Do Vaccines Cause Thrombocytopenia or Immune Thrombocytopenic Purpura?

Updated November 10, 2023



Natural viral infections such as influenza, varicella, measles, mumps and rubella are associated with immune thrombocytopenic purpura (ITP). Thus, influenza, varicella, measles, mumps and rubella vaccines prevent ITP by protecting against natural infection. Measles-containing vaccines can very rarely cause ITP within 6 weeks of vaccination in children. However, these vaccines prevent many more cases of ITP than they cause. Influenza vaccines do not cause ITP. Other vaccines currently routinely recommended to the general population in the U.S.* have not been shown to cause ITP.

Epidemiological Evidence

Rates of ITP after MMR vaccination have been estimated at 1-3 cases per 100,000 doses 1-3. However, this is significantly lower than rates of ITP after natural infection otherwise prevented by the vaccine; the incidence of ITP after natural rubella infection is an estimated 1 per 3,000, and incidence after natural measles infection is estimated to be even higher 2.

The 2012 report by the Institute of Medicine (IOM), now called the National Academy of Medicine (NAM), found no relevant studies of quality in the literature assessing an association between ITP and diphtheria, tetanus, pertussis and varicella vaccines, since the only applicable studies available used passive surveillance systems and therefore lacked an unvaccinated comparison group 4.

Studies published since this report have consistently shown an increased risk of thrombocytopenic purpura in children within 6 weeks of measles-containing vaccination 1,2,5,6. However, several studies published since this report have found no association between influenza vaccines and ITP 7-9, and early childhood vaccines other than MMR or MMRV (ProQuad®) have not been shown to cause ITP 1,2.

A 2013 study examining the safety of trivalent inactivated seasonal influenza vaccination in pregnant individuals reported a null association with thrombocytopenia 10.

A 2016 VSD study of 438,487 live births between 2007 and 2013 found slightly decreased rates of venous thromboembolic events and thrombocytopenia among pregnant individuals receiving Tdap vaccination 11.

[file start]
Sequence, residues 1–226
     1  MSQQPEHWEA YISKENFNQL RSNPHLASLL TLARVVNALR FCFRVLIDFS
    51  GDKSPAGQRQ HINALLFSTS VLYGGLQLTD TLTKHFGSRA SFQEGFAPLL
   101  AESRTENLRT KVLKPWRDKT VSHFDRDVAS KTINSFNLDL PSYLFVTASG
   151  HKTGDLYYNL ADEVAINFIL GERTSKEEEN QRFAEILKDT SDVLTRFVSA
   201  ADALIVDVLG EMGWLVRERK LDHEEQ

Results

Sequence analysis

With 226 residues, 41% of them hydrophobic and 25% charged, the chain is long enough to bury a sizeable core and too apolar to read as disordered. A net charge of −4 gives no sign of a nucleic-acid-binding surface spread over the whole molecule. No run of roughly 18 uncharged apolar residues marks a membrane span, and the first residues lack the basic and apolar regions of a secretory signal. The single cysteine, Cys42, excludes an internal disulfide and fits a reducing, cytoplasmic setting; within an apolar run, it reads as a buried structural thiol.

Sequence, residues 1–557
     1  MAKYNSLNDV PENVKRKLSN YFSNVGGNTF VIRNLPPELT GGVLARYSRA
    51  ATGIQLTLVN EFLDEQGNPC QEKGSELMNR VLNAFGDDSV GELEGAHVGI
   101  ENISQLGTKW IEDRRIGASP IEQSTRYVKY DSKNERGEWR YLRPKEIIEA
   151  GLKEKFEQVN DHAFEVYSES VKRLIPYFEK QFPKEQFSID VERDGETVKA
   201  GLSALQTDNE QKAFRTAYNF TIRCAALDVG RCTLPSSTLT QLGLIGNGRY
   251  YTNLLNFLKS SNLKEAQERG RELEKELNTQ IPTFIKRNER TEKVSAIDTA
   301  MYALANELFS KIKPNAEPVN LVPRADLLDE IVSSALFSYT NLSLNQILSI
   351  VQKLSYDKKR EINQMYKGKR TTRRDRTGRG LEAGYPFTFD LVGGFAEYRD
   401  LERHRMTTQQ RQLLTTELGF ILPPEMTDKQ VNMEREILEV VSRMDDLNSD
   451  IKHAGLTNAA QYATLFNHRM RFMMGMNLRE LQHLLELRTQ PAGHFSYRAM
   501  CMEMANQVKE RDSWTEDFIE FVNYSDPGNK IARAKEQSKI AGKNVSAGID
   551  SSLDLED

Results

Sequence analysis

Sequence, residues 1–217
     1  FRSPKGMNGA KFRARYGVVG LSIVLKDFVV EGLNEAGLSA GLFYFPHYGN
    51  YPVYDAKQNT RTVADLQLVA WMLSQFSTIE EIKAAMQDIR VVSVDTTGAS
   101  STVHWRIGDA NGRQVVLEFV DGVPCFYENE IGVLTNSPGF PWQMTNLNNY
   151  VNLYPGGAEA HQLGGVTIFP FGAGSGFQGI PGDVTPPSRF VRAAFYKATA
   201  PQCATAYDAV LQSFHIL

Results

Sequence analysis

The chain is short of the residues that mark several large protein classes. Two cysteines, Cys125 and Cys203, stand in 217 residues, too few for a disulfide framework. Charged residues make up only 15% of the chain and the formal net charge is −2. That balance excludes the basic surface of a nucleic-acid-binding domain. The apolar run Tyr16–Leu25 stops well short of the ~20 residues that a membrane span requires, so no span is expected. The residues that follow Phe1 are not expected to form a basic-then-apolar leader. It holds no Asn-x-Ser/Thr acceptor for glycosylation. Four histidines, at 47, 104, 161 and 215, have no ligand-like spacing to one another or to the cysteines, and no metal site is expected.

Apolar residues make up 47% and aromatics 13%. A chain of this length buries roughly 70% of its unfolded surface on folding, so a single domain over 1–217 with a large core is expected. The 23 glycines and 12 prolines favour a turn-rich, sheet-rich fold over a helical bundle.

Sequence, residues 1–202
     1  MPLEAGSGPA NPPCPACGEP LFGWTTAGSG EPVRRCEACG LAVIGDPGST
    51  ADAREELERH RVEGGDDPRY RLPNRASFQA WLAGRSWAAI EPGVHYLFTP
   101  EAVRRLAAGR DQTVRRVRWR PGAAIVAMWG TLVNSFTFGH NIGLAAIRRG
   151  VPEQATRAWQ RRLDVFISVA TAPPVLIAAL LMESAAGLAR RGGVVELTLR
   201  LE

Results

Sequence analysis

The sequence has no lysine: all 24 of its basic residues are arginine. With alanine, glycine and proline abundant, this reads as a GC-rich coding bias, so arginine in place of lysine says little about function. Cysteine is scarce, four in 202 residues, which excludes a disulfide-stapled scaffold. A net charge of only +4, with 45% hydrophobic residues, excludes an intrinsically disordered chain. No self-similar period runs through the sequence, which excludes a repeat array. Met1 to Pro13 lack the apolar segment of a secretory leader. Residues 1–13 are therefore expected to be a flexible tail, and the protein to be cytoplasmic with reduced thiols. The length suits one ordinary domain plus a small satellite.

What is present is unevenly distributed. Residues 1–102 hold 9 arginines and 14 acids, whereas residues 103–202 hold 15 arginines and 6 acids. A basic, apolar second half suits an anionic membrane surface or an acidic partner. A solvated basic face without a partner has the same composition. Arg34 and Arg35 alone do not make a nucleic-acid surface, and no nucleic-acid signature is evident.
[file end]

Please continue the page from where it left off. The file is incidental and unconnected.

A 2016 retrospective observational study of California infants found no cases of ITP during the 30-day risk interval after 46,486 doses of DTaP-IPV/Hib vaccine administered 12.

A 2017 South Korean nationwide cohort study found no associations between HPV vaccination and 33 predefined serious adverse events (including venous thromboembolism and ITP) 13.

A 2018 US cohort study found no increased risk of thrombocytopenia in infants receiving rotavirus vaccine 14.

A 2020 self-controlled risk interval analysis of Taiwanese children using nationwide data found no increased risk of ITP after varicella vaccination, unless given concomitantly with MMR vaccine (incidence rate ratio: 1.70; 95% CI: 1.19-2.43) 15.

A 2020 systematic review and meta-analysis found HPV vaccines to have no association with venous thrombocytopenia and a potential protective effect against ITP 16.

A 2021 Cochrane review determined that the evidence supports an association between MMR vaccines and ITP, at an estimated attributable risk of 1 per 40,000 doses, about half that of natural infection 17.

Case-control and self-controlled case series analyses of a Scottish national prospective cohort found an increased risk of ITP within 27 days of receiving the ChAdOx1nCoV-19, a viral vector COVID-19 vaccine not used in the US, but no increased risk was found between vaccination with Comirnaty and any thrombocytopenic, thromboembolic, or hemorrhagic events 18.

A self-controlled case series analysis using national UK data found an increased risk of thrombocytopenia and venous thromboembolism 8-14 days after vaccination with ChAdOx1nCoV-19 but not Comirnaty; however, an increased risk of arterial thromboembolism was found 15-21 days after vaccination with Comirnaty (IRR: 1.06; 95%CI: 1.01-1.10) 19.

Analyses of safety surveillance data from the Vaccine Safety Datalink found no significant associations between mRNA COVID-19 vaccines and 23 serious health outcomes (including immune thrombocytopenia) 20.

Proposed Biological Mechanism

ITP has been associated with natural viral infections such as influenza, varicella, measles, mumps and rubella 2,21. Patients with ITP have antibodies to platelets. Measles virus has an affinity for platelets and measles vaccine results in a transient decrease in platelet counts in the first few days following vaccination. ITP occurs later, within the first 6 weeks following vaccination. The most likely pathogenesis for ITP involves altered immune processing of the measles virus-platelet aggregations and induction of anti-platelet antibodies 22. The IOM found only weak mechanistic evidence for an association between ITP and varicella vaccine, even when considering knowledge about the natural infection, as the only post-vaccination case documented provided little evidence beyond recurrence of symptoms after vaccine re-challenge 23. The IOM also concluded that there was no mechanistic evidence for an association between ITP and diphtheria, tetanus or pertussis vaccines 4.

* These conclusions do not necessarily consider vaccines recommended only for special populations in the United States such as Yellow Fever vaccine (international travelers) or Smallpox vaccine (military personnel), or vaccines no longer recommended to the public such as the Janssen (J&J) COVID-19 vaccine.


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